Soy products, an affordable investment in your health, are now included in the USDA dietary guidelines. Studies also increasingly show that the phytoestrogens and antioxidant power of the phytonutrients in soy can be effective in protecting against cancer and diseases like emphysema (COPD). Soy is the #1 source of isoflavones and may provide protection against breast cancer and ovarian cancer. Consuming soy-based products has been shown to suppress the fat storage mechanism and to prevent increases in abdominal fat. Soymilk, though, like cow’s milk, may interfere with the benefits of tea such as chai. But as long as it’s shaken, it can provide the same amount of calcium as cow’s milk. Phytoestrogen intake through soy consumption in menopausal adult women may help to reduce hot flashes, while for young girls it is effective may help delay the onset of premature menarche and puberty. Since soy products such as tofu, tempeh, and edamame appear to help lower cholesterol (though not as much as other beans), a soy-based Atkins diet is not dangerous like a meat based one is (though the tofu should not be made with formaldehyde). Another benefit is that bacon derived from soy does not appear to emit carcinogens when cooked, unlike bacon derived from pigs.
See also the related blog posts: Breast Cancer Survival and Soy, Soy and breast cancer: an update
Topic summary contributed by Jim Merrikin.
To help out on the site, email email@example.com
Watch videos about soy
October 5, 2012
How Much Soy Is Too Much?
To maintain the low IGF-1 levels associated with a plant-based diet, one should probably eat no more than 3-5 servings of soy foods a day.
October 4, 2012
October 3, 2012
Animalistic Plant Proteins
While animal proteins increase levels of the cancer-promoting growth hormone IGF-1, and most plant proteins bring levels down, "high quality" plant proteins such as soy may not significantly affect...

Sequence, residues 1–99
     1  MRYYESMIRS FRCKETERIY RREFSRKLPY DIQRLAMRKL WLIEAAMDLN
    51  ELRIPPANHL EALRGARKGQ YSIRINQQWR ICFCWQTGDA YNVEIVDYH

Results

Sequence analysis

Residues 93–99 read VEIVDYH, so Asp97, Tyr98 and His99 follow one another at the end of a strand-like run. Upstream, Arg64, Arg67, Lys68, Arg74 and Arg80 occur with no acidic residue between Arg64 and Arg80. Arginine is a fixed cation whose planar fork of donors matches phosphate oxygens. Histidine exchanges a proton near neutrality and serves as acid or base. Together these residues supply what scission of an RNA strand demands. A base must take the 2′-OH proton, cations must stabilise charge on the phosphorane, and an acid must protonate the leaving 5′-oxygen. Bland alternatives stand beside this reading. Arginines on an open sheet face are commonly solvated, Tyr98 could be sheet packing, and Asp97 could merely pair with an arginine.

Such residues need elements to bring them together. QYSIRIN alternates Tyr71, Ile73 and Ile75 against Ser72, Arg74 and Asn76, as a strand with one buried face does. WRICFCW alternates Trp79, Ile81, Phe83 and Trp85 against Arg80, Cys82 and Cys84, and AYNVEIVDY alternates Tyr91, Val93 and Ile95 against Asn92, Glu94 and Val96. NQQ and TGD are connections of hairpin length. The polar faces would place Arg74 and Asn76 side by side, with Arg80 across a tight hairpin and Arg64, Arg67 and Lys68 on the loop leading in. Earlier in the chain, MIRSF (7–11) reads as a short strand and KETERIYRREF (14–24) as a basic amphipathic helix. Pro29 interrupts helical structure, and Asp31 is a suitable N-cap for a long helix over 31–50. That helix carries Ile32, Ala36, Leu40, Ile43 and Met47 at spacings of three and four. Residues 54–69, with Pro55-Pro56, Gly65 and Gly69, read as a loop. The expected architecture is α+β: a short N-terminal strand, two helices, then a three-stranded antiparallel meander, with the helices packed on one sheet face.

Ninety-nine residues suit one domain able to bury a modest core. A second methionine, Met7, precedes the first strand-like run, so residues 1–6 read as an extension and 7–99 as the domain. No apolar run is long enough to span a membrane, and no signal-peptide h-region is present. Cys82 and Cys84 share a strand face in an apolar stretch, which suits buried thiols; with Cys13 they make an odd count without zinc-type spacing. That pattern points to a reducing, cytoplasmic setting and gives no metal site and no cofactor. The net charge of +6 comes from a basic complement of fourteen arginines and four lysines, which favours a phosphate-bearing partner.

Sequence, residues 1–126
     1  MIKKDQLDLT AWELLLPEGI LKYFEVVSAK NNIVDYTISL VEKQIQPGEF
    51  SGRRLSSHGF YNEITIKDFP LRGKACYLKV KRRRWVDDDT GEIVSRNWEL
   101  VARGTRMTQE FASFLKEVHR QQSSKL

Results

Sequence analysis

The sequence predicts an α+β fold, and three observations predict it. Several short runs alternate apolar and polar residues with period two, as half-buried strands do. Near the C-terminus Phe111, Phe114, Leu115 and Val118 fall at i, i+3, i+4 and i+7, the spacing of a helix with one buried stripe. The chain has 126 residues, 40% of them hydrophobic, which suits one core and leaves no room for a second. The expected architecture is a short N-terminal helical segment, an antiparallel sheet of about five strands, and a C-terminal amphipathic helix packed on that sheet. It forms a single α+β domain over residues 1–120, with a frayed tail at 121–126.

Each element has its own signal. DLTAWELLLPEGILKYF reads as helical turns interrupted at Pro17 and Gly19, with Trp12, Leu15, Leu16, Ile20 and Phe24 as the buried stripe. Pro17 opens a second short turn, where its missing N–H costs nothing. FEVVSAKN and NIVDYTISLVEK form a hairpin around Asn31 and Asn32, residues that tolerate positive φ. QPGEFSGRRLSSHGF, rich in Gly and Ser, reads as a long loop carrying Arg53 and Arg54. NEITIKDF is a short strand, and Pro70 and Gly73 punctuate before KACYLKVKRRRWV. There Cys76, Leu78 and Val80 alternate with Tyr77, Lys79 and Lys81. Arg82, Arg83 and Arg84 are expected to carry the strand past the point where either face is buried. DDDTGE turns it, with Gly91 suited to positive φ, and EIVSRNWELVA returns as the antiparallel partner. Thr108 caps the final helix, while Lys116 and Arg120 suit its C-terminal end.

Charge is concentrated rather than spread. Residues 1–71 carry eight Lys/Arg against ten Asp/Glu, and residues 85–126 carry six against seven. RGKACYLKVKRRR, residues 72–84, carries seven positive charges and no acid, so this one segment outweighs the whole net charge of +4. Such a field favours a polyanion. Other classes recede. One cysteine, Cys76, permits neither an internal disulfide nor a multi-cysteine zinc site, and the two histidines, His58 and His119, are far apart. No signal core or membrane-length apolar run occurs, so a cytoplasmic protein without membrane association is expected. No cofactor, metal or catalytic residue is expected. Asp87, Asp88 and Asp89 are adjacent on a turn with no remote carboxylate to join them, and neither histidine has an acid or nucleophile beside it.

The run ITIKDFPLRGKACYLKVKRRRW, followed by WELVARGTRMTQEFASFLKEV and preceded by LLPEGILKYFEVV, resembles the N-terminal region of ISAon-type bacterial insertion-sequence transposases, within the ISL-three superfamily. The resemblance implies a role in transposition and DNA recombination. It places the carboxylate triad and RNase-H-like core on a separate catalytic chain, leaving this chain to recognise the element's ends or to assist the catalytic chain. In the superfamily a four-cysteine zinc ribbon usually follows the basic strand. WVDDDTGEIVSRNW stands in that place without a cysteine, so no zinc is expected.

September 14, 2012
Slimming the Gecko
A workplace dietary intervention study at GEICO corporate headquarters demonstrates the power of plant-based eating.
August 24, 2012
Fat Burning Via Arginine
The arginine content of nuts may explain their metabolism boosting effects, though in a list of the top food sources of arginine, nuts don't even make the top ten.
August 2, 2012
The Wrong Way to Boost Serotonin
Tryptophan is the precursor to the "happiness hormone" serotonin, so why not take tryptophan supplements to improve mood and relieve symptoms of depression?
July 31, 2012
Mineral of the Year—Magnesium
Despite promising autopsy and population data suggesting that inadequate magnesium intake is a risk factor for sudden cardiac death, it wasn't until recently that this was demonstrated in prospective...
July 26, 2012
Uprooting the Leading Causes of Death
Death in America is largely a foodborne illness. Focusing on studies published just over the last year in peer-reviewed scientific medical journals, Dr. Greger offers practical advice on how best to...
Page 3 of 6«12345...»Last »